Over the past several years I've found myself running into the same problem over and over so I thought I'd blog the solution so at least I don't waste time figuring it out again. So, when do you need this? The answer for me is that I want to be able reference a web site without having to expose the underlying site structure. For example, on the home page of my business, I want people to be able to type http://73rdstreet.com/Home and be taken to http://www.73rdstreet.com/HomeSite/Home.aspx.
You may see errors that say something like:
Server Error in Application ... HTTP Error 404.0 - Not Found
The resource you are looking for has been removed, had its name changed, or is temporarily unavailable.
And the screen may show something like this.
If this happens, read on.
The first thing to understand is that IIS by default will pass to the asp.net process only the requests that have a certain file extension. That is, aspx,ashx,etc. Basically, only file extensions that have a handler defined for them to be processed by. Other URL's that don't meet the criteria are not passed to IIS. This includes no file extension at all. There is a good reason for this. One, it makes processing of things like images (jpg's, gif's, etc.) faster because they do not every have to be processed through the asp.net worker process. Secondly, it lowers the exposure of the asp.net worker process so that it is less likely to be compromised.
So, the first thing that has to be done is to tell IIS to pass all requests through using something called Wild Card Mapping. Then, once this is done, the request comes through to the asp.net worker process regardless of what it is. As we know, the place that we would have to process this is an HttpModule. The reason is that since it's not a page yet, we have no idea what to do with it. Basically modules let you tap into the request at different stages. To do the rewrite from ../Home to ../HomeSite/Home.aspx we want to tap into the Application_BeginRequest event. The Context.RewritePath method is called at that point to force a new path based on what we want (hopefully not hard coded).
After the ReWritePath is set, the page is processed as if is going to the correct page.
To Set Wild Care Mapping in IIS6 you need to do the following.
Run inetmgr and navigate to the Properties page of the website you want to set.
Then, from the properties page, click the Configuration button as shown below.
Then, press the insert button on the configuration screen and see the following screen and then click on the insert button.
Now, insert your asp.net isapi dll. On my system, the file is here: C:WINDOWSMicrosoft.NETFrameworkv2.0.50727aspnet_isapi.dll. Make sure to uncheck the box "Verify that file exists".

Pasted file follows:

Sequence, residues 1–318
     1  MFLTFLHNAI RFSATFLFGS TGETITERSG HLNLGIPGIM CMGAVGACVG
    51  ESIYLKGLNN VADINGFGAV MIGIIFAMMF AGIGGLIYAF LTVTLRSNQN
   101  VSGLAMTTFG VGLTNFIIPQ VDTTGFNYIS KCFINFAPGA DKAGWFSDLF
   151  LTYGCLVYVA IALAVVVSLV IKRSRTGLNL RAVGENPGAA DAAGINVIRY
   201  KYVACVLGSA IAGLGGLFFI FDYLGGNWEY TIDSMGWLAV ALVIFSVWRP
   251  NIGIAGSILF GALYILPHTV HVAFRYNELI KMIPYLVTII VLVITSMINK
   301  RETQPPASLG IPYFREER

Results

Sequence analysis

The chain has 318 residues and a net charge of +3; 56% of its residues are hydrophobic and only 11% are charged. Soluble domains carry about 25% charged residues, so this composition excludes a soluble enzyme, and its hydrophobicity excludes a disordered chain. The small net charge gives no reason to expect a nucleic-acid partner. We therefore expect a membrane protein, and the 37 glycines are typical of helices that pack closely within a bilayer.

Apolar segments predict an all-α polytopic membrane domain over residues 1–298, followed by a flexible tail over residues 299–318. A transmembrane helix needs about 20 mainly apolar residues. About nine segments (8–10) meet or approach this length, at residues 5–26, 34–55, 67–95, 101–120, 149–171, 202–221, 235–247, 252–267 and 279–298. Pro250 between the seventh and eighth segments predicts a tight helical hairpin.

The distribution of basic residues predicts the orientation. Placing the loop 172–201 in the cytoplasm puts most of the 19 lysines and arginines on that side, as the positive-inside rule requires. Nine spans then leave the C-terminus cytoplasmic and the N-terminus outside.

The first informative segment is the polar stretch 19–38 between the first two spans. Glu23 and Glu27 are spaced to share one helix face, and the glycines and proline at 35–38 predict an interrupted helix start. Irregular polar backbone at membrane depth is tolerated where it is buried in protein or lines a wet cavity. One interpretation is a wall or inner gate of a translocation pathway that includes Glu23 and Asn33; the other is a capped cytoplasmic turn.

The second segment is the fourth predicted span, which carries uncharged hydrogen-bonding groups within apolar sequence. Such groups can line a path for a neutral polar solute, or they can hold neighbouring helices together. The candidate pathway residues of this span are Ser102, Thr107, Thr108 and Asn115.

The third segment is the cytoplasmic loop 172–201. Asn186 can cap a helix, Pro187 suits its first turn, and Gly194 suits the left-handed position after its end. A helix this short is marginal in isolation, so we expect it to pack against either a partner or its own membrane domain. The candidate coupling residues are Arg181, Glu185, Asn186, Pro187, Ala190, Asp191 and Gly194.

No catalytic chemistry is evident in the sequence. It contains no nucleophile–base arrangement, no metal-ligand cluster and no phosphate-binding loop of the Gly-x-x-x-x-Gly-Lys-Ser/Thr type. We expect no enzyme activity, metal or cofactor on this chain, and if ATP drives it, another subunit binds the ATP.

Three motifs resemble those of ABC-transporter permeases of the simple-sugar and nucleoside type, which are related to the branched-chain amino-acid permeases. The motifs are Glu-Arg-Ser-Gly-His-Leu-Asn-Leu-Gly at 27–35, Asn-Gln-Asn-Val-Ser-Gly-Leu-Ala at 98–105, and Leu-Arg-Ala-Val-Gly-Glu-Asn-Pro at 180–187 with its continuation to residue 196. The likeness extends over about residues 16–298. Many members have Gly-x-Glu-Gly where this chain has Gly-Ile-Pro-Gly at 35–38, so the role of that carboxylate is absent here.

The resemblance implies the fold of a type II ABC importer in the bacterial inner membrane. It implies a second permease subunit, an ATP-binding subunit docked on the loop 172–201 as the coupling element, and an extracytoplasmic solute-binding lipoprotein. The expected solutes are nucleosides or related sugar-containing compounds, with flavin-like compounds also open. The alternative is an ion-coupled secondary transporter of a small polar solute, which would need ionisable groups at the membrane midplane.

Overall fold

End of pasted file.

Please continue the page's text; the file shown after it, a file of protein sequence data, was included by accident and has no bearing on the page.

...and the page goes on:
That's it! Now, all requests will be processed through you asp.net pipeline so you will be able to intercept anything on the URL you want. Be careful though, you may get more than you ask for!
In IIS7 things are a little different. First thing you need to do is unlock the config section "handlers". You do this by bring up a DOS prompt and entering the command:
C:WindowsSystem32inetsrv>appcmd.exe unlock config /section:system.webserver/handlers
Then, you can set your wildcard handler in your web.config file as follows.
Now, the default handlers will be executed in your web.config file, and of course, all the defaults for that are in the chain of files that inherits from. For more details on that, see this FAQ: Configuration Files FAQs (web.config, machine.config...).
You may need to add the wildcard mapper handler to your web.config. To do this, you would put the following in your web.config
<?xml version="1.0" encoding="UTF-8"?> <configuration> <system.webServer> <handlers> <add name="WildCard" path="*" verb="*" type="sampletype" resourceType="Unspecified" /> </handlers> </system.webServer> </configuration>
Now, you should be set. See the next section for a good method for actually doing the remapping, which is why we went down this path in the first place.
So, as discussed in the theory section above, you could write your own code to map what you want to where you want it. You could put in your global.asax some code for the Application_BeginRequest and make a big case statement for everything you want to do. Well, as we know, that would give your code a bad smell and we don't want that because soon, you will find yourself using cut and paste and other problematic crutches.
So, to avoid all that, and do what Scott Guthrie suggests, use the open source package UrlRewriter.NET. It's light-weight and configurable through a small section in your web.config. Before putting in the what to do, here are the steps to make UrlRewriter work in a very simple way (the way I use it on my company home page.
In your <System.web> of your web.config place a definition for a new config section where you will put your rewrites
<section name="rewriter" requirePermission="false"
Then, put the module that actually does the work of the rewrite as described in the theory section above
type="Intelligencia.UrlRewriter.RewriterHttpModule, Intelligencia.UrlRewriter" />
Then, further down in your web.config put
<rewrite url="~/Home" to="~/pages/Home.aspx"/>
That's it! You are done. Hope this helps, or at least helps me the next time I'm searching for the same problem (for the 4th time at least).